7. You paint a narrative. You chose your quotes. You ordered them for a purpose. You omitted things for a reason. You're a great writer, you knew what you were doing. You chose your words carefully.

      He said and you quoted “I feel like I’m being legally bullied because of whom I support,” Cromartie said. “She’s disparaged and maligned my name in public and on social media. Why is she attacking me? Is it because I vote differently?”

      That is a claim of victimhood and a cop out. You also quoted Beasley saying the committee is blameless. They "asked" him to stay away...

      You wrote a one sided defense then copped out saying "its complicated."

      There are well documented tactics for defending men who harass women:

      PTSD/Mental Illness - (this is a little specific to the tech community but you get the point)


      And in the HS post Beasley uses several others:

      But you decided to tell the story "a different way" with
      Cromartie as the victim. You decided to tell the story in a way that let Beasley off (his quotes in the HS story are a little unflattering). You decided to leave off the list of OTHER women who have protective orders against him.

      Standing in support of him also means making him own up to his problems that are specifically with WOMEN:

      This is a story about a man who targets (multiple) women. Calls them the B word (assuming from context) and threatens them. This is a story about the people who enabled him to do that.

      This is a story about a journalist who wrote as an apologist and left out the context to paint a narrative and claimed it was too complicated. This is a story of an apologist for sexist harassment of women.

    8. Good points, but let's consider context. In 1993, I was featured in Emmerge Magazine for being the first minister in America to establish a ministry for victims of domestic violence. That work led to the formation of a faith based model replicated as a partnership among churches and police departments in Durham and in other places. I have worked with and advocated for numerous women in obtaining protective orders and have written close to a hundred articles that speak to this issue. My support for the need to protect women is documented. Let's begin there.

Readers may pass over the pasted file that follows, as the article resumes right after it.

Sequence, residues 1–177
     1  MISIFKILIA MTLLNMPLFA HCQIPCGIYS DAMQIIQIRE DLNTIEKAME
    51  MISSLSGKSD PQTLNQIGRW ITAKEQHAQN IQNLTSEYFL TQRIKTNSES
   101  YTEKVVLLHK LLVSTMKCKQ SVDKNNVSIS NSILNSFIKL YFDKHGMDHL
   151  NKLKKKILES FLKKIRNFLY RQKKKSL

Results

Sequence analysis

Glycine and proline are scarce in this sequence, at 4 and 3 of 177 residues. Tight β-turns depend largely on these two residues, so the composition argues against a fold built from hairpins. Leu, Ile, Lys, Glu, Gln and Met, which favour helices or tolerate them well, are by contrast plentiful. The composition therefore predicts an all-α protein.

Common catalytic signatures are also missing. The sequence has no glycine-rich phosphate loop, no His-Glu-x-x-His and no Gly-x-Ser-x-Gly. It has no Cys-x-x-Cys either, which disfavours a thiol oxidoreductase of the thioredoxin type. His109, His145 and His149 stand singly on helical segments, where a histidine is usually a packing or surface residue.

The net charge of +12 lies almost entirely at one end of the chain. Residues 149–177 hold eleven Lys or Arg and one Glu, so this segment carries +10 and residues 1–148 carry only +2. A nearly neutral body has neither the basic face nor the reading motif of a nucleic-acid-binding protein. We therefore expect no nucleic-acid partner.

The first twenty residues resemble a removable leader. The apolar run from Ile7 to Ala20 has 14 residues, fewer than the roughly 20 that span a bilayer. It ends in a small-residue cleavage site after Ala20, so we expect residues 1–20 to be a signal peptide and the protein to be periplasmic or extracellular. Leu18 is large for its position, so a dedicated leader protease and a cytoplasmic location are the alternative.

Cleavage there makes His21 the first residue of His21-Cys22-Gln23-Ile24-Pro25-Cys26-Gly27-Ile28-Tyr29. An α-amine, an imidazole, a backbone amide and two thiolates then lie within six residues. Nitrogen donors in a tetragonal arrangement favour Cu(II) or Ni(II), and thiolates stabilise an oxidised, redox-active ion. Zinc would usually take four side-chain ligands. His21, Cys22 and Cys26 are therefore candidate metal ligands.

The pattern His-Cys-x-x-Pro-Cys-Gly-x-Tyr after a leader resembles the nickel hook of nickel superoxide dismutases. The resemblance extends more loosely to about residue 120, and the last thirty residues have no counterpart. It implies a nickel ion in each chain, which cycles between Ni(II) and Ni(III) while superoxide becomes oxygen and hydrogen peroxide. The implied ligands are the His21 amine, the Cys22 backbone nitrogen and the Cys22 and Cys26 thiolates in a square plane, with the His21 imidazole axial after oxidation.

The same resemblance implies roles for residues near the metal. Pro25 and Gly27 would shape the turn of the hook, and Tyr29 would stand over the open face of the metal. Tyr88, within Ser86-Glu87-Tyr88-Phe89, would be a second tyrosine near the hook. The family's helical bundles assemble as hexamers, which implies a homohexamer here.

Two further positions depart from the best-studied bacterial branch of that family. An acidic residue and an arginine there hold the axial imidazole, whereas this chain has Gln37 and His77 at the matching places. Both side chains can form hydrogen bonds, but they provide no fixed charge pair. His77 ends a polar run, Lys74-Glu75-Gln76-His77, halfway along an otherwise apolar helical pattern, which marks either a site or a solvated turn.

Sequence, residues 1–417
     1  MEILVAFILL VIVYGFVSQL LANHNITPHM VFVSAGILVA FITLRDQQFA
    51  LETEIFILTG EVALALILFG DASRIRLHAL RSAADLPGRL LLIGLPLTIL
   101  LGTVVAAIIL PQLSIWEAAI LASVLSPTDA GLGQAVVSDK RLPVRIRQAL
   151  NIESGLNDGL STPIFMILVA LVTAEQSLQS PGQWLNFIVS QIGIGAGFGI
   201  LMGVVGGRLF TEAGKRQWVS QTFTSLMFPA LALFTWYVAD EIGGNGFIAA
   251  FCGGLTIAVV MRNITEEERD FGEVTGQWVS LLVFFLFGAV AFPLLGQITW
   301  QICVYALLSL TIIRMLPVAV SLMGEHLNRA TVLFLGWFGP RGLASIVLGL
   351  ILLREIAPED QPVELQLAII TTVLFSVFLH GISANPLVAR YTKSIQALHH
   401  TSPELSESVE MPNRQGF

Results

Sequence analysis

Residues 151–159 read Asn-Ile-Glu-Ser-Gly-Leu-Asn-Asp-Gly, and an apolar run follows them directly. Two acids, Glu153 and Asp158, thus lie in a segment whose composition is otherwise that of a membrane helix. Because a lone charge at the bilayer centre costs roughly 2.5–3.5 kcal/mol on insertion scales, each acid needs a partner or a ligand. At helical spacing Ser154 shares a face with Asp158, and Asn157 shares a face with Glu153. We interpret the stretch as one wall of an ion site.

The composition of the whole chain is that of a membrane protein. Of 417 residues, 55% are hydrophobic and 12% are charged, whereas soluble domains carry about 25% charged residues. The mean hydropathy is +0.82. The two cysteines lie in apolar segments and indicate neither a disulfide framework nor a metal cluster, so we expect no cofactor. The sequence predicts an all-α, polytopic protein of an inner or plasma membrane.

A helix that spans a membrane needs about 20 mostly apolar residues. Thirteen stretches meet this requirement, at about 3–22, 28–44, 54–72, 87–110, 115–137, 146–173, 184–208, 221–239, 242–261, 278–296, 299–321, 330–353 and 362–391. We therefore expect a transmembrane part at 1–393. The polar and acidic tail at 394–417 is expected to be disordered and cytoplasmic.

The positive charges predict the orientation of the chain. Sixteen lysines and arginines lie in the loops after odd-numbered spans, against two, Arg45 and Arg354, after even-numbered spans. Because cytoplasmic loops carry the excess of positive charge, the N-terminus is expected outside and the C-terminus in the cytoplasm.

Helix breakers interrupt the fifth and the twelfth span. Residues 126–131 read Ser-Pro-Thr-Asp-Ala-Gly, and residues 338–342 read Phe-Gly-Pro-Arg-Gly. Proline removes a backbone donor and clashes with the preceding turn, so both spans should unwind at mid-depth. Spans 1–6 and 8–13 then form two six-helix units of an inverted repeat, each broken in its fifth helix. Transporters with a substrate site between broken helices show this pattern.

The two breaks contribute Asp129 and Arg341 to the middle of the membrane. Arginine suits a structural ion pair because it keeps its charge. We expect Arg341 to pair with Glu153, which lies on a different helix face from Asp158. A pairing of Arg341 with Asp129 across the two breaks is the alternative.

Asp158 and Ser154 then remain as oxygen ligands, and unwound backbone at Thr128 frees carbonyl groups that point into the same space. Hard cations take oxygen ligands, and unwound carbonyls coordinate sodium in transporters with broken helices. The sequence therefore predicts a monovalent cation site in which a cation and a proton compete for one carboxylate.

It's what makes this piece a difficult one to write. As I stated, it's complex. Thus, let's talk about the points I make. (1) the protective order is essential, (2) Cromartie is wrong, (3) we should never question the pain of victims. All of that is in the post.

      After making these statements, I move beyond this situation to address what's next. How do we help women who may encounter men like this? Do we just lock them up, or do we do more to address the issues.

      Now, what are the next steps beyond this post. In other words, what am I doing about it? I'm doing the work beyond this post. How? I'm working with folks to hold a community conversation involving mental illness in the black community. Yes, we need that talk. Part of that involves how we can do better in supporting veterans. Yes, that is real. As much as this is about a woman who needs protection (and trust I am in her corner when it comes to that) it is also part of my work, and yes calling, to help veterans and the mentally ill. I'm not taking a stand. I stand for both.

      I will say this. Mental illness is an illness, which means there are actions beyond his control. That's the meaning of that statement. It's why people need medication and therapy. I'm challenging people to discuss that. Thus, this is not about the court system. It is about what happens, or needs to happen, before we get to the court system.

      Can we agree on that?

    9. Oliver, the point was to bring balance to the "hit" piece written in the Herald-Sun. I'm clearly attempting to bring balance that was much needed. As a journalist, I'm deeply troubled by the way they framed that story and wrote this piece to offer a perspective not offered in that article - he's a veteran with mental illness who has supporters.

      Thus, I offered their perspective in quotes. It's what journalist do. I told you what they shared. These are their words, and they weren't given in the HS story. You could ask why not. I don't speculate on that, but rather offer a view that is essential to this story - what can we do to help veterans and the mentally ill.

      The hit job concerns me. Why? Because Cormartie suffers from mental illness. It's important that a way be found to support people like him to do better, while honoring the need for accountability. This piece is about that tension. yes, he's wrong, but people celebrate what he offers. Are there ways to fix that?